Spring 2019 Floods Were BAD, Midwest Farmers Brace for More in 2020

Flooded fields along the Missouri River. Image: Tyne Morgan

As you may recall, this past spring more than 1 million acres of land flooded across five states in the Midwest. The flooding affected more than 14 million people and resulted in multiple billions of dollars in lost crops and damages (in Iowa alone damages totaled $2 billion). However, now that it’s nearly winter, Midwest farmers are still very much feeling the effects of the floods and are worried about another round of flooding in 2020.

What’s Happening: Farmland that was underwater earlier this year is now full of weeds or, in many cases, still flooded. Ag Web explained that with already high river levels, excess water still sitting in reservoirs upstream and wet weather patterns shaping up this winter, things aren’t looking promising for farming in 2020. 

More Flooding in 2020?: That’s the prediction and farmers are worried. As the Weather Channel reported:

  • Concern is high for more record-breaking river flooding in the nation’s mid-section next spring.
  • Some rivers have been in flood since last spring and are at their highest levels on record for this time of year.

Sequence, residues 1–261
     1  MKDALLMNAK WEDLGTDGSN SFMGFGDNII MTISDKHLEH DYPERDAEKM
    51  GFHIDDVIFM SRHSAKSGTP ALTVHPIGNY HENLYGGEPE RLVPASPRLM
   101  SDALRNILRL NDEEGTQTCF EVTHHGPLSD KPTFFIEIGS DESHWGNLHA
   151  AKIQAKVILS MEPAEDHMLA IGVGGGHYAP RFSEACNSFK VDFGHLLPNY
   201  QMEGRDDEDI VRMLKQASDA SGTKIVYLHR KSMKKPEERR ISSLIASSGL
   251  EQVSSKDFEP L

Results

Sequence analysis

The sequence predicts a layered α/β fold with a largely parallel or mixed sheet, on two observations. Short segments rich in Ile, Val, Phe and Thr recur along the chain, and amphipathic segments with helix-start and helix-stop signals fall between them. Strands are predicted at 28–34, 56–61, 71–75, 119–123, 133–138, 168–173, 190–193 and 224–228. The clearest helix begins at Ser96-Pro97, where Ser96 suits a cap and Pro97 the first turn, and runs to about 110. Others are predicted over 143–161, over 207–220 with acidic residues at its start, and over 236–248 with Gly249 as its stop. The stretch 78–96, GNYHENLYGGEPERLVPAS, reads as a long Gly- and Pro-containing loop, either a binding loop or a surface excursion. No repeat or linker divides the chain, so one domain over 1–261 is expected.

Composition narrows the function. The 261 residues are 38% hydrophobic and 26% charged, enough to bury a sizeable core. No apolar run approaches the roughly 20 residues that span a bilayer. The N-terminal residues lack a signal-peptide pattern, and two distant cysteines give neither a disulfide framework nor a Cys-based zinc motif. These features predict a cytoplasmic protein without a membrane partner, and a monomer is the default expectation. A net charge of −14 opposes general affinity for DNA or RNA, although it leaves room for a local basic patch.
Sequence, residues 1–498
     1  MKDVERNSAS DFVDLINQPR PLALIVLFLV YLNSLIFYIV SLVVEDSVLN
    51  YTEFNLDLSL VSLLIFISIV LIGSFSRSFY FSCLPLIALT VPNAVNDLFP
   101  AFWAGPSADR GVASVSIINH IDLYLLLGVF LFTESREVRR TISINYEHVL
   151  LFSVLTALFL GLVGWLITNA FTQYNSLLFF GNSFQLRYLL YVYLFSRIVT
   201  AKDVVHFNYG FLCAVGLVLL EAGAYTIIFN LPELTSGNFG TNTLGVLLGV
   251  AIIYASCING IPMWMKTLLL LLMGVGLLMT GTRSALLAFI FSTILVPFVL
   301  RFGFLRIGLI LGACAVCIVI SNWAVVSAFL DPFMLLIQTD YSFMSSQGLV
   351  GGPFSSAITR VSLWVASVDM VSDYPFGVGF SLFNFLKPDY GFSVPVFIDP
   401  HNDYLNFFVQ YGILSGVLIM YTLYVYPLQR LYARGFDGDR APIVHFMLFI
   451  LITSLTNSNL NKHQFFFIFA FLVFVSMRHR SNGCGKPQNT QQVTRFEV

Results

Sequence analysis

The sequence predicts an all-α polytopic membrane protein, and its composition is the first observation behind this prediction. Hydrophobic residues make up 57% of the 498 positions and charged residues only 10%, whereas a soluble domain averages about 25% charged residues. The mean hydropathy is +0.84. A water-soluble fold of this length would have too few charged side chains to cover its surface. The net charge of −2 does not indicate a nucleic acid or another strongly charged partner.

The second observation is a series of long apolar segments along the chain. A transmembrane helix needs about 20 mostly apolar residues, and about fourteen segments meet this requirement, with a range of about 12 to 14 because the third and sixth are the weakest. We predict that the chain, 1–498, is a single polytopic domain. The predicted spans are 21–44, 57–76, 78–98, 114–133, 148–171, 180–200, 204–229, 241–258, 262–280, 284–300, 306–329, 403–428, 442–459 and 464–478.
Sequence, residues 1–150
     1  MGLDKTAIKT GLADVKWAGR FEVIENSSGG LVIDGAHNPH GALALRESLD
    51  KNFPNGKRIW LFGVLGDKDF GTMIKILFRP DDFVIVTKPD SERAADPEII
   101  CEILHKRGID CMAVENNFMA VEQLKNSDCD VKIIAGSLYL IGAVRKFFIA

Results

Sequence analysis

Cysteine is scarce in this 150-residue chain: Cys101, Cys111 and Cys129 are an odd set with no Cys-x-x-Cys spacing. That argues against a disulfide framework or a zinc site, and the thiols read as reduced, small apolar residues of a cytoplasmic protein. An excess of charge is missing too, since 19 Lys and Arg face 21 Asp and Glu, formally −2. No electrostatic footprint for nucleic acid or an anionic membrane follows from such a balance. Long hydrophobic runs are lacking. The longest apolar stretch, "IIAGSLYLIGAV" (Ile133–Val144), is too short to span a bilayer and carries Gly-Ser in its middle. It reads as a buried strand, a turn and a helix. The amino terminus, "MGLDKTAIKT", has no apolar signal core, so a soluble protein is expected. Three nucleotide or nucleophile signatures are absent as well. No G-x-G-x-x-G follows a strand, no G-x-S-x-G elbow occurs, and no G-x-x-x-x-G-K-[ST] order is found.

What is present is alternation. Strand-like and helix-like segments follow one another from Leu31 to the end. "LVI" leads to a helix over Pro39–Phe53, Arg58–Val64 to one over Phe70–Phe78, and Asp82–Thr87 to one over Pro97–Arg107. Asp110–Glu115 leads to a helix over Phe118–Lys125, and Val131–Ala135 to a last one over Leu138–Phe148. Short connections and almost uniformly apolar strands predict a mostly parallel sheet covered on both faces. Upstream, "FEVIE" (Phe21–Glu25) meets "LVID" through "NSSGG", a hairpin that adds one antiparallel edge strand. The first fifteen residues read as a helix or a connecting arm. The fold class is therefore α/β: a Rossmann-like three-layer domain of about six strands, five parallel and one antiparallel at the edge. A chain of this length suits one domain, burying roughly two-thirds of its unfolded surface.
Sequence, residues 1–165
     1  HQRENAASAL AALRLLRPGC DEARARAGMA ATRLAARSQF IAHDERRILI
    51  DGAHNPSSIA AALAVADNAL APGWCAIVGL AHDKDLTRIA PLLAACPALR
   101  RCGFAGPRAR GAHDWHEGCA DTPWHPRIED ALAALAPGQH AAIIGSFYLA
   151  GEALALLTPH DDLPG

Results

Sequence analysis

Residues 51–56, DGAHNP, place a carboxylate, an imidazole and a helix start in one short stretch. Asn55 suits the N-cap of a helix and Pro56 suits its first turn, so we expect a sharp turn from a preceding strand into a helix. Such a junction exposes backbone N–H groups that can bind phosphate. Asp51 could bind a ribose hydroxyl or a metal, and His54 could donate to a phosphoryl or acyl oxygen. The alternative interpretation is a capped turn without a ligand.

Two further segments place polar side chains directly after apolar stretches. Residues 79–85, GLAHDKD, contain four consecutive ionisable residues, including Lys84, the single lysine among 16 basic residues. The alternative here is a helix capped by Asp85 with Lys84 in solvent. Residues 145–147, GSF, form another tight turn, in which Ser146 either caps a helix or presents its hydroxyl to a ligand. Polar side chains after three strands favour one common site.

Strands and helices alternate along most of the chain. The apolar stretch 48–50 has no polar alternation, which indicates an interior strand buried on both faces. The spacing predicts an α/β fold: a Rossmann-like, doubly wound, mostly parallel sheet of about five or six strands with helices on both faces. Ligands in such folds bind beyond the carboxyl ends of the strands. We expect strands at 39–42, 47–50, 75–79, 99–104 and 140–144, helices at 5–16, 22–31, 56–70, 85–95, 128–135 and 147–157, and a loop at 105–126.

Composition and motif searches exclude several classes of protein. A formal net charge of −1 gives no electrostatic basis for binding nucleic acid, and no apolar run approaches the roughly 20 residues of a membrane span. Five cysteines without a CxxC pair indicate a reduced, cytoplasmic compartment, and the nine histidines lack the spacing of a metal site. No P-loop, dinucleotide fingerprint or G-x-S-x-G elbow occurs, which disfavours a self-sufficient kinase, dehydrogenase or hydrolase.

• Soil moisture is among the highest on record for early November from Michigan to Montana.
  • A generally wet winter is expected by NOAA across the region.
  • This additional precipitation and snowmelt over saturated ground and into swollen rivers may lead to major spring flooding.

Why This Matters: The NY Times reported that the causes of flooding are complicated, but climate change is increasingly an exacerbating factor. We will continue to see this type of extreme weather and this underscores that we must take immediate action to curb our greenhouse gas emissions. The effects of climate change will not only cause hardship for farmers but it can spur food insecurity and spiked food prices for the rest of us. This isn’t a new normal we can afford.

Go Deeper: The 2019 floods in the Midwest were absolutely catastrophic and a “perfect storm.” We recommend reading the New York Time’s The Great Flood of 2019: A Complete Picture of a Slow-Motion Disaster to get a better idea about what this flooding meant for an entire region.

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